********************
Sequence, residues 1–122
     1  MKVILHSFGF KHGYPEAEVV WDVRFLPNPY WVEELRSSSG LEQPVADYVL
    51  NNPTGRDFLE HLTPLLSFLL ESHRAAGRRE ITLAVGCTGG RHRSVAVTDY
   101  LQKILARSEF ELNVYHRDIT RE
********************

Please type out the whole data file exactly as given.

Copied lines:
Sequence, residues 1–122
     1  MKVILHSFGF KHGYPEAEVV WDVRFLPNPY WVEELRSSSG LEQPVADYVL
    51  NNPTGRDFLE HLTPLLSFLL ESHRAAGRRE ITLAVGCTGG RHRSVAVTDY
   101  LQKILARSEF ELNVYHRDIT RE